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Modern Day Love-Hate Relationship : The Interview Process

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Often looking for a new career can be a challenge in itself. In today’s climate, there are so many variables that can determine the outcome in multiple stages throughout the traditional “interview process”. One thing is for sure, it can be lengthy, unpredictable and full of surprises.

With all this said, lets focus on what you can control.

Woohooo… Congratulations… You’ve been selected to interview!

I say this with some satire, but let’s focus on a few assumptions here.

  • You have a “interview worthy” resume
  • Made it past the gatekeeper (HR/Talent Acquisition/Technical Leadership)
  • Client “X” is generally interested in your candidacy

So now moving forward with this momentum, let’s home in on the objective.

Objective: Best understand the client, position and opportunity that could await you. Prepare yourself in the best way to get this information ahead of a potential offer so you can make the best decision for your career moving forward.

Please find below my personal recommendations on how to best position yourself once you find yourself at this stage.

Take the time to understand what the company you’re about to interview at is all about.

Do a quick scan on Google, go through their social medias, company website, Glassdoor, Indeed etc..

 Here are some great questions you can ask yourself, before asking your interviewers.

  • What is their brand online? Glassdoor recommendations?
  •  Are they hiring lots of roles or just yours?
    • Why?
  • What is driving the hiring at the moment?
  • Why is the role open?
    • Growth? (Great, what’s happening to trigger growth)
    • Someone left the team (Great, why did they leave. Not all attrition is bad)
  • What challenge are they hiring you to address?

Often your most powerful resource is yourself, and your network. Don’t be shy, reach out and get some insights before walking in blind!

Lastly, and maybe the most Important thing you can do is check your LinkedIn connections.

  • Are you connected with anyone who is currently working there?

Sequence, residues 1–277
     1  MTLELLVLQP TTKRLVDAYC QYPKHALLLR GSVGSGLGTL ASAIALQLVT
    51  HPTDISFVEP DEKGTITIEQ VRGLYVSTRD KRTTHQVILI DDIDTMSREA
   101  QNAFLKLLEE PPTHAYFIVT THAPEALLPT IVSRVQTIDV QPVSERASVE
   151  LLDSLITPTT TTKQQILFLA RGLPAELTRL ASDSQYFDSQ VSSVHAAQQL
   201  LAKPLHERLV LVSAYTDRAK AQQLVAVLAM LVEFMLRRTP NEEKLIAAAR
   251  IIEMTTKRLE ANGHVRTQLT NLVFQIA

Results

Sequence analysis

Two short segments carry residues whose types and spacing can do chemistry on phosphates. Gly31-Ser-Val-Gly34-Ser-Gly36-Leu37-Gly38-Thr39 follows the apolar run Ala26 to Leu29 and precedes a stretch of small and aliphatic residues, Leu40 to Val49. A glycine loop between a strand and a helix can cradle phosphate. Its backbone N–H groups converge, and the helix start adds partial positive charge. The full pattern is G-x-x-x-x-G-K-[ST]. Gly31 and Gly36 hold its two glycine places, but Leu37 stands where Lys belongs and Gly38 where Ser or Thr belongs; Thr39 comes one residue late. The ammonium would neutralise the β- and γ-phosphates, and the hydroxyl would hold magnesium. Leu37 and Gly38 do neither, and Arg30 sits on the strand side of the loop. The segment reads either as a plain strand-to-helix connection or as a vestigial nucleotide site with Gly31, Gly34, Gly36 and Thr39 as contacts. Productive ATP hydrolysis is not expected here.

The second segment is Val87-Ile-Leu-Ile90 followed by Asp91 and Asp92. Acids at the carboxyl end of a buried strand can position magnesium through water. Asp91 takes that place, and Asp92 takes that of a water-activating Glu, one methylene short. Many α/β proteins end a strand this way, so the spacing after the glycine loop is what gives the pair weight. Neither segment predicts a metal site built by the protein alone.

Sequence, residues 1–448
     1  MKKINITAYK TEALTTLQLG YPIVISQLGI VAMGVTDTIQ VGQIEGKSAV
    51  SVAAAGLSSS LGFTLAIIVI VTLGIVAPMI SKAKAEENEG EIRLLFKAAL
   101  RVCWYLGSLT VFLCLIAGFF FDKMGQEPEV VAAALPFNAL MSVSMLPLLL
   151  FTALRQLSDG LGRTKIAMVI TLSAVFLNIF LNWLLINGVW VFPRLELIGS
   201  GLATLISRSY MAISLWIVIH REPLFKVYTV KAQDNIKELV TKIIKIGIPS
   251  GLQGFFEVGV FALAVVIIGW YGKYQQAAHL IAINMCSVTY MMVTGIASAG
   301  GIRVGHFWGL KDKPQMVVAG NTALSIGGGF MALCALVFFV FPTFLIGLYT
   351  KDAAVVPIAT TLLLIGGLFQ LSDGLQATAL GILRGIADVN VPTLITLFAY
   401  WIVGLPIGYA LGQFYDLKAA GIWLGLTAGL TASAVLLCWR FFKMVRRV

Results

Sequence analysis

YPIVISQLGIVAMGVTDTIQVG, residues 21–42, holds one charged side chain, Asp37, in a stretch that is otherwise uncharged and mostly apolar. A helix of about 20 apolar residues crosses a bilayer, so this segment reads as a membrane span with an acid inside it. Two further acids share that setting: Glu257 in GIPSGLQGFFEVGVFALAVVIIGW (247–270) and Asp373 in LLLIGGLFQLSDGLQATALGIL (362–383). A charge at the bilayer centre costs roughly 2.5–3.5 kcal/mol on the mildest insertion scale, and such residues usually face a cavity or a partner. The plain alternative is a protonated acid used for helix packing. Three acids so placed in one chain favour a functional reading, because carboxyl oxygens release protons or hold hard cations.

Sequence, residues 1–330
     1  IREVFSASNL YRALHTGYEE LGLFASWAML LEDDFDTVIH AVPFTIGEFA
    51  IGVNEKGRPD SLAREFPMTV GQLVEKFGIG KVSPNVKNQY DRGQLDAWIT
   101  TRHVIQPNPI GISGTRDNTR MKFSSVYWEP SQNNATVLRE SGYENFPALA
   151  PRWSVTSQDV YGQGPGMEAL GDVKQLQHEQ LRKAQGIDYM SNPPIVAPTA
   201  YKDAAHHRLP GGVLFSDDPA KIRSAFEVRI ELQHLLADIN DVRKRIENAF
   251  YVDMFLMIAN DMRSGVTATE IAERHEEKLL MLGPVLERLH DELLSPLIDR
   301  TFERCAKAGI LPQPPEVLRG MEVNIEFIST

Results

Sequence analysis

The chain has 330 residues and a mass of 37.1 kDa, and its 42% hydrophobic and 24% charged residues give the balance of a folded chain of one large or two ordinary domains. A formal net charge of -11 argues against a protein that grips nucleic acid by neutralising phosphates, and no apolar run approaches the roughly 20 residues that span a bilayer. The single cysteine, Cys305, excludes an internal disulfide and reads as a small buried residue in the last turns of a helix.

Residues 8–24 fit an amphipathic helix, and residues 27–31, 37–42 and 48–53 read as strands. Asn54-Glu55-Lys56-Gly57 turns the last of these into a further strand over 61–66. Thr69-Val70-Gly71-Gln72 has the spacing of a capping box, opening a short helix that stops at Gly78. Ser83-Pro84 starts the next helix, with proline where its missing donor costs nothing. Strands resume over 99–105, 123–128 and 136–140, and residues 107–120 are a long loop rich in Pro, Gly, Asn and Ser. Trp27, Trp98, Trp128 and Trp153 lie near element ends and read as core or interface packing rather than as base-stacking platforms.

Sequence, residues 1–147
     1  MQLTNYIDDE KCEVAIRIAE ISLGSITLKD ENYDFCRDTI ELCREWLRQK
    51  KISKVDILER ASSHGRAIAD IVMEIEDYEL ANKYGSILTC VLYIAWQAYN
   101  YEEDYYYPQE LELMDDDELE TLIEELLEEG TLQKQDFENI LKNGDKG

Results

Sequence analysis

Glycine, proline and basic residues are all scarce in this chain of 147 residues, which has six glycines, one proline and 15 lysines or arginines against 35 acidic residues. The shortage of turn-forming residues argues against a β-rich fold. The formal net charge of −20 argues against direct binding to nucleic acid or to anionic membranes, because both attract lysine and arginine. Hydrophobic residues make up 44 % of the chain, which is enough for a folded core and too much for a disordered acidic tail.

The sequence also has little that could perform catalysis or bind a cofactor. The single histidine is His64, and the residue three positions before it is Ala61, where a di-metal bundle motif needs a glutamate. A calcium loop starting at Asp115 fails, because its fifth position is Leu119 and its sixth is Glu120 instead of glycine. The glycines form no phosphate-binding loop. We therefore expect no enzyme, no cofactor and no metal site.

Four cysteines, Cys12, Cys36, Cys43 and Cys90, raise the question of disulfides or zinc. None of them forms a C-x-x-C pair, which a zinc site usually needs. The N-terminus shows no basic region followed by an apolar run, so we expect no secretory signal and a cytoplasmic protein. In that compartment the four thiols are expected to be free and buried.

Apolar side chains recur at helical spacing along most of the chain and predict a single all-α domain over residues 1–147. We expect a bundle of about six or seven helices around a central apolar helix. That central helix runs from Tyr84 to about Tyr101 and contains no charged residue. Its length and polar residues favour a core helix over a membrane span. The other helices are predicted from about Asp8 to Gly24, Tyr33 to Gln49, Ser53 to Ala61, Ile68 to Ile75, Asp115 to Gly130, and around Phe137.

• If yes, reach out to them.
      • What do they say about the company?
      • What is the best thing about working there?
      • The worst?
      • Describe to me the working environment?
  • Anyone that used to work there?
    • If yes, reach out to them
      • Why did they leave?
      • What do they miss about working there?

Assuming your connected with someone who worked or works at the company, this is a great place to get insight into what could be on the horizons. Often, they can provide you insights into the interview process, who’s interviewing you, what that person looks for etc…

Lastly, let’s get’ the bare basics out of the way

  • Show up on time
    • If you’re not 10minutes early, you’re late
  • Show up presentable
  • Notepad and pen with questions
    • Write down your interviewer’s name. Refer to them by their names, which shows that at a bare minimum you’re interested in them, which could result in a better interview experience.

Alright, simple enough right? Believe it or not, some of these things can be deal breakers. Take control of the things you can and know for certain if you do or don’t get the job, it’s not because you were late or you weren’t prepared in the morning of.

First impression means a lot. Now there is always a balance, like anything in life. If you’re “technically a genius” and you’re interviewing for a role where there’s you, one other person in North America and four other people scattered across the world who can do this job, do as you want. Wear a garbage bag as a poncho and move around the office on a hoverboard and might even get an offer (maybe), who cares. But this article is based on controlling what you can, so do your best to be traditional, and show your quirkiness in other ways throughout the interview

Don’t ever forget, an interview is meant to be on both sides.

Corey Demberg

Co-Founder @ Avansai